Many people in the contemporary period will find it impossible to believe that a player capable of performing the feats that a particular Barcelona hero does, has ever existed. Even people in Toronto and Colorado have choices and views on the subject, and they certainly would be classified as lower-level football supporters. It may seem foolish to debate who the best person in a team sport is, but it hasn’t stopped football fans from doing so.
Football, the most popular sport on the planet, has produced some great legends who have transcended the game and will live on in the hearts and imaginations of football fans forever. However, is it even possible to choose the greatest football players of all time? We’ve tried to achieve precisely that in this essay. We have broken down the selection into three primary variables: Ability to win matches on their own, endurance, and performance under duress. The genuine mark of excellence in athletes is performing under pressure and consistently producing when it matters most. As a result, the latter two considerations have been given slightly more weight.
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So, here you have it, the greatest footballers of all time, according to us anyway. But, of course, these players are in no particular order as that is a different discussion altogether.
Maradona made his debut for Argentinos Juniors ten days before his 16th birthday. He joined the club he had always wanted to play for, Boca Juniors, five years and 115 goals later, guiding the Xeneizes to the title in the one season he spent at the Bombonera before moving for Barcelona following the 1982 World Cup. A rocky two-year stay in Catalonia, marred by illness and injuries – as well as a mass brawl in his final game – culminated with yet another record transfer, this time to Serie A side Napoli.
The Partenopei had never come near to being Italian champions, but such was Maradona’s skill that in his seven years in Naples, he guided them to two Scudetti and a UEFA Cup. He helped Argentina on their way to greatness at the 1986 World Cup in the same way he encouraged Napoli to brilliance beyond their natural level. In hindsight and reality, the majority of his teammates were only adequate. Never before has an individual’s talent propelled a team to such a significant victory – and it may never happen again.
Johan Cruyff would easily win the prize for most influential footballer if such an award existed. He was the epitome of Total Football on the pitch, and his disciples, including Pep Guardiola, continued his view of how football should be played from the sidelines. Cruyff lit up football fields from Ajax to Feyenoord via Barcelona and Washington. In possession, his laid-back demeanor belied a ferocious footballing mind, calculating permutations for passes or shots well ahead of the action he was about to make.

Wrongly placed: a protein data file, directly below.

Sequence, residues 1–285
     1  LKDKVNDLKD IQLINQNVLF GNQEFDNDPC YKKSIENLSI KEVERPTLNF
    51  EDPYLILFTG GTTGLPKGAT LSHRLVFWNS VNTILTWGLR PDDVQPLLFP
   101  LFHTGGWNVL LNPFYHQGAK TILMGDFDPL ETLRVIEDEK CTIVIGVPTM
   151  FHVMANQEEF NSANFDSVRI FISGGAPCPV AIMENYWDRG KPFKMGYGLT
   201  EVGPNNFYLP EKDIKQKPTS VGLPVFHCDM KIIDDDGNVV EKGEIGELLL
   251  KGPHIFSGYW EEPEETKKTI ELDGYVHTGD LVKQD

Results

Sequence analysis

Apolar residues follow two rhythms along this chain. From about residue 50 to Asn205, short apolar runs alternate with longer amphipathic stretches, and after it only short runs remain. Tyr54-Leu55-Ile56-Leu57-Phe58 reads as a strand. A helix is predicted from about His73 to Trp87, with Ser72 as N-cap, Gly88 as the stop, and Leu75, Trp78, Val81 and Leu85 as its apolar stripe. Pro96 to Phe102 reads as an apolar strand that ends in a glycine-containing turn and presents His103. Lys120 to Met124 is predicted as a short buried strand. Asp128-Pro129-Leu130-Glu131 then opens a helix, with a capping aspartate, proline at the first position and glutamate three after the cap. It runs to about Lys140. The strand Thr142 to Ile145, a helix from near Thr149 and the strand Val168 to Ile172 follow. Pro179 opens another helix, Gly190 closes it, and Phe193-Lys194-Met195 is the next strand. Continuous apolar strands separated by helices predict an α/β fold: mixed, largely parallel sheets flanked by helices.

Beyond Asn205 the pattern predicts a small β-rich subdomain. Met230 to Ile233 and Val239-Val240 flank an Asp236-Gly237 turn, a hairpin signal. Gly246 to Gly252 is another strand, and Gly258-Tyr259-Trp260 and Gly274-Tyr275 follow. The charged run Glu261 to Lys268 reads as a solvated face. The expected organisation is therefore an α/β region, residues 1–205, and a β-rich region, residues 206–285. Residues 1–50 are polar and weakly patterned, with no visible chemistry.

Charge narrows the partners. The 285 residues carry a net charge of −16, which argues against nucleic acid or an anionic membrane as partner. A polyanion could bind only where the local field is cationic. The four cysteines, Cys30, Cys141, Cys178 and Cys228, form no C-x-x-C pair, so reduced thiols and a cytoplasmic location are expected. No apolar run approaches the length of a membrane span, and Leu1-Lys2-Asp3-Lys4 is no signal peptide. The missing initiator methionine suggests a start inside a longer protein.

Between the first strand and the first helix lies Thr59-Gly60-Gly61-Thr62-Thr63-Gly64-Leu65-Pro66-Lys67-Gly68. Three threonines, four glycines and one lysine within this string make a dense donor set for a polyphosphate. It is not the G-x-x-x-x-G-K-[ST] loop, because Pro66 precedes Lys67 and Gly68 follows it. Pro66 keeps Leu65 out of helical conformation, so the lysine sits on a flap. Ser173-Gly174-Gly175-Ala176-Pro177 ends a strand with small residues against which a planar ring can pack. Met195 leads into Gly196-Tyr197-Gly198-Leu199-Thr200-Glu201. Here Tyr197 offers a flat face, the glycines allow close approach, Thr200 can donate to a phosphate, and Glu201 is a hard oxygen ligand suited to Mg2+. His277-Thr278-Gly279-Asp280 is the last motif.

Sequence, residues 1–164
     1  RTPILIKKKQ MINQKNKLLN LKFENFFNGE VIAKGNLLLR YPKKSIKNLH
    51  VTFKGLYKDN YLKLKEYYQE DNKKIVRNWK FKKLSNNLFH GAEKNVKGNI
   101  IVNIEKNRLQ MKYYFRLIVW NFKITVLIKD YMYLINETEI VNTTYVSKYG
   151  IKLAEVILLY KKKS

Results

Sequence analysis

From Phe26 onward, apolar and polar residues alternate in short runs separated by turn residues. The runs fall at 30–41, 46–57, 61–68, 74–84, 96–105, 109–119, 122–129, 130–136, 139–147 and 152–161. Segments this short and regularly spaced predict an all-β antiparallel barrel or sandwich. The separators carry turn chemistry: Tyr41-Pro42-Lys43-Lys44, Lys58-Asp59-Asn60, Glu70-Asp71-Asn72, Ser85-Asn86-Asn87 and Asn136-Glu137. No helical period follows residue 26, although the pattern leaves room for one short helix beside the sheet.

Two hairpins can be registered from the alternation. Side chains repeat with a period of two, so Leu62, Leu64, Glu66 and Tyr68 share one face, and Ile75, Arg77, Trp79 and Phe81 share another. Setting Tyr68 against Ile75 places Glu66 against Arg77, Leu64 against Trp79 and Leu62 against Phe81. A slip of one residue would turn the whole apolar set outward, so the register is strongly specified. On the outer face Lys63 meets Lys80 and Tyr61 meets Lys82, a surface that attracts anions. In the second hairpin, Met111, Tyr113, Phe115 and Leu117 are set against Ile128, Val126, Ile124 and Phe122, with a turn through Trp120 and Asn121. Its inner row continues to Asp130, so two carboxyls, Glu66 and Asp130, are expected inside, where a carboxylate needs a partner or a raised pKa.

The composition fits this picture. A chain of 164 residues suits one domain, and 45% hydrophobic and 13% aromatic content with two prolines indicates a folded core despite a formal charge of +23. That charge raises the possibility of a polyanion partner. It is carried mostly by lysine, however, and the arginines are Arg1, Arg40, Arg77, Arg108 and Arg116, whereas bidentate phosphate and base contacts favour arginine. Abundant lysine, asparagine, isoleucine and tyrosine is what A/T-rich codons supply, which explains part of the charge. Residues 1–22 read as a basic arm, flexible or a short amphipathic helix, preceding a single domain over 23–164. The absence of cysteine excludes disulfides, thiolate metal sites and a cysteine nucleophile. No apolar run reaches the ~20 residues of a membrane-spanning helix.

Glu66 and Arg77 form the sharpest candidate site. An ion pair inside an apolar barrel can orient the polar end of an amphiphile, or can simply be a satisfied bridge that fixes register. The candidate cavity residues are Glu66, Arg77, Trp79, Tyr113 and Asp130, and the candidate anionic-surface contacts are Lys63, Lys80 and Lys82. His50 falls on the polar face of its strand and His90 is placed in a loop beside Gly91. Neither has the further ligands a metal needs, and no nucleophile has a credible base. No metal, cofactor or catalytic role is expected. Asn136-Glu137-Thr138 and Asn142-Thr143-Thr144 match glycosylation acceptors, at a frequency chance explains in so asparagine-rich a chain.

Cruyff’s brain was a footballing supercomputer that seemingly knew everything. His ball control was impressive, but not in the same manner that Lionel Messi’s foot seemed glued to his. Nevertheless, it was an instrument to be treasured and used well for Cruyff, who always sought to score a goal the simplest way possible, even when simple wasn’t always the most straightforward option.
With a shift of his hips or a slide of his shoulder, he could bend passes and shots from all angles, leaving defenders for dead. He made the Cruyff Turn famous when he played against Sweden in the 1974 World Cup finals. He utilized tactics on the field as if we were standing in front of a blackboard, which was unusual for a player. Everything came naturally to him, and he handled his tools with remarkable delicacy.
Pele, the legendary Brazilian footballer, is usually recognized as the best player of all time. He has won more World Cups than any other player, which should be enough to merit his position on this list. Pele was not only the best goal scorer in the world, but he was also the focal point of attack for both his club and his country. His goal-scoring statistics are impressive; he is the only player in senior soccer history to score over 1200 goals. More than any other legend on our list, Pele delivered his best performance when it counted most. Pele scored twice in the 1958 World Cup final versus Sweden at 17 years and 249 days, making him the youngest player to score in a World Cup.
Even though he could only play one match at the 1962 World Cup due to injuries, he established his legacy as the best player of all time in 1970. Brazil dominated the tournament by playing some great football along the road. Pele collected the Golden Ball (Best Player) award for his efforts. While Pele is best recognized for his achievements with Brazil, he also had a successful club career with Santos and the New York Cosmos. Pele won numerous trophies at Santos, scoring over 600 goals for the Brazilian club before going to the United States.